It’s an intense experience
The larger and more detailed the design, the more mindful you become.
There isn’t a way to zone out, transcend, or ignore the process of getting inked.
You are fully present in each passing moment; acutely aware of the painful sensations, vibrations, scratching and burning that often accompanies the process.
On the surface (no pun intended), it seems ludicrous to deliberately mark up one’s body with permanent ink that will, over time, fade and become fuzzy. But on the flip side each piece of art is highly personal and expresses something unique.
For me, it’s become almost what I’d call a spiritual experience. It unifies the body and mind in absolute mindful awareness. It’s the quickest, most efficient way I know to experience such a total union of mind and body…that we can safely photograph and share without an X-rating. 😉
The Dharma Sleeve Project (TDSP)
I now have four tattoos; two are on my left arm and two are on the right arm and right anterior forearm. The left arm is reserved for tributes to the time I spent as a young man in the UK. The right arm is a work in progress; a project I refer to as The Dharma Sleeve Project or TDSP for short.
TDSP is a year-long plan to visually illustrate my commitment to walking the Buddhist path in life. I can think of no other way, for me and only me, to make this type of commitment. I’m big into making public disturbances…in quiet and well-intentioned ways of course… and TDSP has become a focus for this energy.
Last weekend I got some additional ink by the artist I trust and like the most. Mike Espinosa of Black Pearl Electric Tattooing & Fine Art (pictured above) in Santa Cruz, CA is one of the most gifted artists I’ve ever met.
He’s done three of my tattoos and it’s my hope that Mike will be able to complete TDSP over the course of the year as my vision for it unfolds. Working with the same artist over a period of time provides each us with insights into the other’s art, mind, and heart.
During the various sessions we’ve discussed the role of art in everyday life and also in relation to the artist’s willingness to pursue their art where ever it leads.
At times, it’s like having a great conversation with my dentist…if my dentist was a cool skater dude covered in ink, a really talented artist, and didn’t have his hands in my mouth.
“F*ck, yeah it hurts”
That’s the quote from both Black Pearl’s bumper sticker as well as a hand-painted sign in Mike’s work room. The pain involved in getting inked isn’t overwhelming, but it is intense. For example, the lower right quadrant of the dharma wheel design you see here, was the most painful area. I guess I have a more generous distribution of free nerve endings in that area as opposed to the other three quadrants. They weren’t nearly as bad, but the pain isn’t what I want to focus on.
The resulting unification of mind and body is like no other experience. Simultaneously the body is saying, “Holy crap, that kinda hurts!” while the mind is countering with, “Remain calm; the pain is momentary and it will pass….and it’s going to be f*cking awesome!”
Only those who been through it can relate. I’ll go further and say that my experience isn’t like a lot of others. I’ve heard some screaming, moaning, and crying while sitting in other shops. I think my experience differs from those folks because my mindset is what The Buddha taught:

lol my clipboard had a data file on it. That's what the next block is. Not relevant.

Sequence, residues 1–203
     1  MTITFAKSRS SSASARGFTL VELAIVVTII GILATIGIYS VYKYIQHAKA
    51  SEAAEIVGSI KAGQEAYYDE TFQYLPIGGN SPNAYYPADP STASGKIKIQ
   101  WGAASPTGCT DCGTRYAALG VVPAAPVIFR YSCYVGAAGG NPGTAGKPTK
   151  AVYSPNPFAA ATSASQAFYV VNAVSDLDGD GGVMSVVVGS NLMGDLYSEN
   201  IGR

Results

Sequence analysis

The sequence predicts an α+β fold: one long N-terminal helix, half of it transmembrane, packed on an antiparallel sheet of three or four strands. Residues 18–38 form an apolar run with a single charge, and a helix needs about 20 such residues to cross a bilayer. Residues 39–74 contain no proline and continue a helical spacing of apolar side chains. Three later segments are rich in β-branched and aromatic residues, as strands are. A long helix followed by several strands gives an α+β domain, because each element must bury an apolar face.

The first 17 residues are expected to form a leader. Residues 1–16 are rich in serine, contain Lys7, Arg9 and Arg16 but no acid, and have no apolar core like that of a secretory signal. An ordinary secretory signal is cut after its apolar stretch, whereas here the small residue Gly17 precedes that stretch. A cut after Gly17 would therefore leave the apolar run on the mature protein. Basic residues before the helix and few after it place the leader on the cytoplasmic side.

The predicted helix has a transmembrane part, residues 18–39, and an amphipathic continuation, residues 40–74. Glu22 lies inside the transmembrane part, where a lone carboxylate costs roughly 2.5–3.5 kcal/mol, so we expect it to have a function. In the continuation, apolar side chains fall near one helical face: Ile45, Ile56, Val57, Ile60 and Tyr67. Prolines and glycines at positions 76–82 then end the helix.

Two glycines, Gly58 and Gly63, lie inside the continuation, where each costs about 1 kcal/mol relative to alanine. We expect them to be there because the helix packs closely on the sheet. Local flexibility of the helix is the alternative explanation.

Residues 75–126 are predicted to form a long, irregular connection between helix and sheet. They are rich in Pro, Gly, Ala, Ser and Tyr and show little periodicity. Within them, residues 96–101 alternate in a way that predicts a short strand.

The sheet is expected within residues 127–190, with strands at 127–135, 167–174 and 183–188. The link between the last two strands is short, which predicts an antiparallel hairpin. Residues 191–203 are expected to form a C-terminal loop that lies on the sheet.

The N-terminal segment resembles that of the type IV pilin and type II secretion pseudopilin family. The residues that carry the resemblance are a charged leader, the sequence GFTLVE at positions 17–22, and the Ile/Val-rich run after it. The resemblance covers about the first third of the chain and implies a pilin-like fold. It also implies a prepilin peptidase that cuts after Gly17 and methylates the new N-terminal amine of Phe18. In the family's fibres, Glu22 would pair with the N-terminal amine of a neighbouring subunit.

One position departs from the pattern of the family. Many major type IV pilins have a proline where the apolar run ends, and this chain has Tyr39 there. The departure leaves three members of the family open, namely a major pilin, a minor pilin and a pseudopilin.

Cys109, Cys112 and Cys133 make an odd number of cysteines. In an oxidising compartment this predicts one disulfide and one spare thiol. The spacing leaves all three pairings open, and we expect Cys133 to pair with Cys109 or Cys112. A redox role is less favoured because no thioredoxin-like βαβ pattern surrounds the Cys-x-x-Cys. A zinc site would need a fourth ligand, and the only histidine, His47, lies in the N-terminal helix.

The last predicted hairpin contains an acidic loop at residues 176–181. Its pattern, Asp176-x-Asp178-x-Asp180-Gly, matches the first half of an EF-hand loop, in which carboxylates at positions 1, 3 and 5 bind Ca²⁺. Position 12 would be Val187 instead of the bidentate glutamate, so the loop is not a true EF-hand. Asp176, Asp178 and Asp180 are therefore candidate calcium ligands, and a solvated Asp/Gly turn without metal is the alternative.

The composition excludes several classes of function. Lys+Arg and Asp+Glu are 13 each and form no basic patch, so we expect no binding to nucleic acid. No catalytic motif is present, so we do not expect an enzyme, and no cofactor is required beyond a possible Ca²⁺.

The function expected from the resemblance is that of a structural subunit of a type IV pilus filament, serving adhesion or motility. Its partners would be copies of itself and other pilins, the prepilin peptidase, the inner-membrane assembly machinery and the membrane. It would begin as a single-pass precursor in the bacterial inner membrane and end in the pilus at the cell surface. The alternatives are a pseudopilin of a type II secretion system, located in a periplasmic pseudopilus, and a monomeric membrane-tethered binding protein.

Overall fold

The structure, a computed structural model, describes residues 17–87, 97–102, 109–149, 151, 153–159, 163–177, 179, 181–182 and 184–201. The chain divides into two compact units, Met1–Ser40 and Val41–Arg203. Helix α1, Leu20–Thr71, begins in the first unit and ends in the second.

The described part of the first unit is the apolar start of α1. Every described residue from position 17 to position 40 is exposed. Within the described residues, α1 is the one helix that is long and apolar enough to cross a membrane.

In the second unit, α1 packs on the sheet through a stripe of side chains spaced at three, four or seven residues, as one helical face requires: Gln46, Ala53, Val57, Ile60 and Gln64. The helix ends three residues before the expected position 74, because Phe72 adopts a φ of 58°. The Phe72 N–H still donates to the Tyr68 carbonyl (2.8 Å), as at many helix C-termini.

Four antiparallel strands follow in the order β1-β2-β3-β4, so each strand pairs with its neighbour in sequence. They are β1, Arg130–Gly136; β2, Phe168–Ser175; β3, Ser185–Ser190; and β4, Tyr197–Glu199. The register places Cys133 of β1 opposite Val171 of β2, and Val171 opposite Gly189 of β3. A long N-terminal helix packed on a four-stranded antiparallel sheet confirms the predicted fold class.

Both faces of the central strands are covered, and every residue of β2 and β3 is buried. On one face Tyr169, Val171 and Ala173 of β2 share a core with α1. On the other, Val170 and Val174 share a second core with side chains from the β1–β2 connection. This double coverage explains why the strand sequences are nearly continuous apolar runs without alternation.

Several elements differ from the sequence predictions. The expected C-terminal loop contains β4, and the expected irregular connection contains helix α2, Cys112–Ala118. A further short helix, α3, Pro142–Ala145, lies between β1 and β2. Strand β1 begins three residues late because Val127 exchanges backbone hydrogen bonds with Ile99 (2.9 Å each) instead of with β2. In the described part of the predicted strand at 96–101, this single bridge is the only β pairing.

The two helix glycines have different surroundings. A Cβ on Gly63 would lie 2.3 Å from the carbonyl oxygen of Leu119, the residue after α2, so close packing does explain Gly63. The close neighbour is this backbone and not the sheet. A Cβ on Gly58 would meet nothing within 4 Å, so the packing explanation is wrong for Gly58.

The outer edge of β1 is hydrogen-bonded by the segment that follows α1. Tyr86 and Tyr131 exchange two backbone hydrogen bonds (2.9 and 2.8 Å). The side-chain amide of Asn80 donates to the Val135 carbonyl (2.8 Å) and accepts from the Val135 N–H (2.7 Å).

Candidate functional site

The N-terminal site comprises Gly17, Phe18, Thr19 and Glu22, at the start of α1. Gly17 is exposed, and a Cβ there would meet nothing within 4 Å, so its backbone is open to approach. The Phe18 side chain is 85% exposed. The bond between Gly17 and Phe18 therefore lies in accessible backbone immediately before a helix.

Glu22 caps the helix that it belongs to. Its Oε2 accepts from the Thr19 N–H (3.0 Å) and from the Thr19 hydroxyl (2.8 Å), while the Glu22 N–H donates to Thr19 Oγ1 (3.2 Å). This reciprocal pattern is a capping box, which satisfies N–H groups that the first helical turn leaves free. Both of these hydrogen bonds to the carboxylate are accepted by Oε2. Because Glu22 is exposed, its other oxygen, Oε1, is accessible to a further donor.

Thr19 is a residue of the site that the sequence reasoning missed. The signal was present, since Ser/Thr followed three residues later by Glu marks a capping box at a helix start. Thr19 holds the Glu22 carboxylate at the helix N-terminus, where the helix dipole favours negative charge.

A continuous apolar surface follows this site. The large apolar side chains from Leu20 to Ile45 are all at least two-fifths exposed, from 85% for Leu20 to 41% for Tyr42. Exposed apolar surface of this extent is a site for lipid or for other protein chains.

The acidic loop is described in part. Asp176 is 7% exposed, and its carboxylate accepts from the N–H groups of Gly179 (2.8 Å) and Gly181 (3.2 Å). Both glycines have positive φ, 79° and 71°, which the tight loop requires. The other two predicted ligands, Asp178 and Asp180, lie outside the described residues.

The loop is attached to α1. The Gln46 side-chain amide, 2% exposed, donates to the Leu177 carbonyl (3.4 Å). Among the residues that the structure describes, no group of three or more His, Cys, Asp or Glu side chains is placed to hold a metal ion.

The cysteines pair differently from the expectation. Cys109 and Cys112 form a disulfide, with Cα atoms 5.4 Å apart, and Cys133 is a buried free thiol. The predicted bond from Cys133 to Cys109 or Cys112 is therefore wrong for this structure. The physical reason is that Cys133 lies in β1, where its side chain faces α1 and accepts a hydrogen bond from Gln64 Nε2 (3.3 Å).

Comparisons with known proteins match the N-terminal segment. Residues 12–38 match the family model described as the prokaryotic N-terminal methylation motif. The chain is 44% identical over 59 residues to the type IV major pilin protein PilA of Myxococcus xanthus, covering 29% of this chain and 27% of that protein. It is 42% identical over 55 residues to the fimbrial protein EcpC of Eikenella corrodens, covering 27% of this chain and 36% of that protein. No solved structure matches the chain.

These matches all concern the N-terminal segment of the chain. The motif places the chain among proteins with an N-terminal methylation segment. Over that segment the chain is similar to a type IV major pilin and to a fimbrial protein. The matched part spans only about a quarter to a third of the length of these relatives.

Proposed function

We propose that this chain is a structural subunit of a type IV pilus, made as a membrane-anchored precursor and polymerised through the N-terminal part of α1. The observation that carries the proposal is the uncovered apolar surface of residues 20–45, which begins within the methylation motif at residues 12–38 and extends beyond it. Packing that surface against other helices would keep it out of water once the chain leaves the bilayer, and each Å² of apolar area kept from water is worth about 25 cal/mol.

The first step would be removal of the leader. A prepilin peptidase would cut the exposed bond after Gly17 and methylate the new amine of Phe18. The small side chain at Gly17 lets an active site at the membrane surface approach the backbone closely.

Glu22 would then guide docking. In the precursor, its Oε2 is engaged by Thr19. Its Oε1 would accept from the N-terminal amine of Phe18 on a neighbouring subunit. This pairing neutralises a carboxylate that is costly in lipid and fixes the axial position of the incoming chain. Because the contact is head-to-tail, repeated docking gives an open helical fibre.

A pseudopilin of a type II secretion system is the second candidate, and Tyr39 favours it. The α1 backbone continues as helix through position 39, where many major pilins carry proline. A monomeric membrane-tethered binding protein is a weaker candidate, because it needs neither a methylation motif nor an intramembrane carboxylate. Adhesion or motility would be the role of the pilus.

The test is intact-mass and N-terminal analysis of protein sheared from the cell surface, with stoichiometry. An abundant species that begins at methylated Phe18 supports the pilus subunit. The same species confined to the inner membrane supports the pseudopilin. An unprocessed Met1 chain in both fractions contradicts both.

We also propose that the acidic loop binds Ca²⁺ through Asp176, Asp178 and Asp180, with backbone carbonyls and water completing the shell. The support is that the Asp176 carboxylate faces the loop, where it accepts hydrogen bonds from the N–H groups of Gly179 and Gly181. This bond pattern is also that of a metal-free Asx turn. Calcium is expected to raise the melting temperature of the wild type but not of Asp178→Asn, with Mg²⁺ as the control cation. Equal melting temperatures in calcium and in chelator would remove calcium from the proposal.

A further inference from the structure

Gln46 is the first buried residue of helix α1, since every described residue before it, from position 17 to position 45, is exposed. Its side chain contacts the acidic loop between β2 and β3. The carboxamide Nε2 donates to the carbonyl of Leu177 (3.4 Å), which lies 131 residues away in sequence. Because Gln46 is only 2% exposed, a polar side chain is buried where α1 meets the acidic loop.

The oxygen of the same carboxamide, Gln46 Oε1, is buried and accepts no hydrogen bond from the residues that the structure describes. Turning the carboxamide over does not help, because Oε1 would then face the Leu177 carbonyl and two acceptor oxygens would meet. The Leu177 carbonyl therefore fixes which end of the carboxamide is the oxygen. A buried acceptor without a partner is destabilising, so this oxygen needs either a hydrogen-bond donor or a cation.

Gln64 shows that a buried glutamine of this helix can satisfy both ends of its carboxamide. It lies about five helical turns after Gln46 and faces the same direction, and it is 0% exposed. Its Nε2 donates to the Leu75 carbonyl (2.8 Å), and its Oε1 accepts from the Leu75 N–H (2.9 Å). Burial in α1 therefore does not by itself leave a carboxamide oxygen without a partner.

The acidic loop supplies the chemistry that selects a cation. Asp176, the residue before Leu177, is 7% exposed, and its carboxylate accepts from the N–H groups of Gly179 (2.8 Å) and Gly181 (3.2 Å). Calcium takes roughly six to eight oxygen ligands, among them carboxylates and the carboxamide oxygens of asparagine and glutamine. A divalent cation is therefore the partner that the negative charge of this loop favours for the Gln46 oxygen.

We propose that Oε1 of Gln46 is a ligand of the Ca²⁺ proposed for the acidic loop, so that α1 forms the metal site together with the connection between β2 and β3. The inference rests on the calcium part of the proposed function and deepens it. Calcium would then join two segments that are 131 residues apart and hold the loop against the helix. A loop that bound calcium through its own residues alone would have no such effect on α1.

“Pain is life is certain, but suffering is optional.”
That’s my mindset going in. I know that everything is impermanent, including somatic pain in most cases and the temporary discomfort imparted by the tattoo machine is just that. The next two weeks involves some discomfort, especially for the first 24 hours, but it’s not unlike the healing period for a burn or an abrasion and I know this going in.
I also know that the resulting art is forever mine and in the case of TDSP, I know it’s going to be totally awesome and serve as a very personal reminder and source of encouragement for my journey in this life.
My dad doesn’t get it, but that’s OK
A lot of people like my 84 year-old father don’t get it. But hey, my 19 year-old bodhisattva son Jay, close friends and long-time buddies, and probably 90 percent of the population in Santa Cruz County, completely understand. That’s like icing on the cake, so to speak. But really, no one needs to get it but me.
It’s Ok that some people will judge me on first sight or reject me for superficial reasons that expose their biases. That’s OK because it provides me with more motivation to express compassion.
Plus, I used to be just like them.
I judged people on appearance alone, on the kind of car they drove and the stylishness of their clothes. I was thoroughly engulfed in perceptional bias and, truthfully, I still have that tendency. But the difference is where once I was deluded by my own sense of self-importance and blind to my perceptions, now I’m aware of them and my tendency to judge others.
Because of this awareness I work as diligently as I can on the meditation cushion to cultivate more understanding, express more compassion, and offer unconditional acceptance toward my fellow sentient beings.
It’s not like getting inked makes me a better person…
Kidding! It definitely does! I know that I’m a better person for getting inked. Just ask my son or my ex-wife. (Hey, if my ex-wife can be supportive, then the sky is the limit, right?) 😎
My ink serves as a reminder of not only the path I choose to walk each day, but of the mindful experiences each tattoo individually required and produced.
They remind me that everything in life is temporary: to enjoy the present moment, the laughter, the closeness of another, and especially the ink…for one day all will cease to be.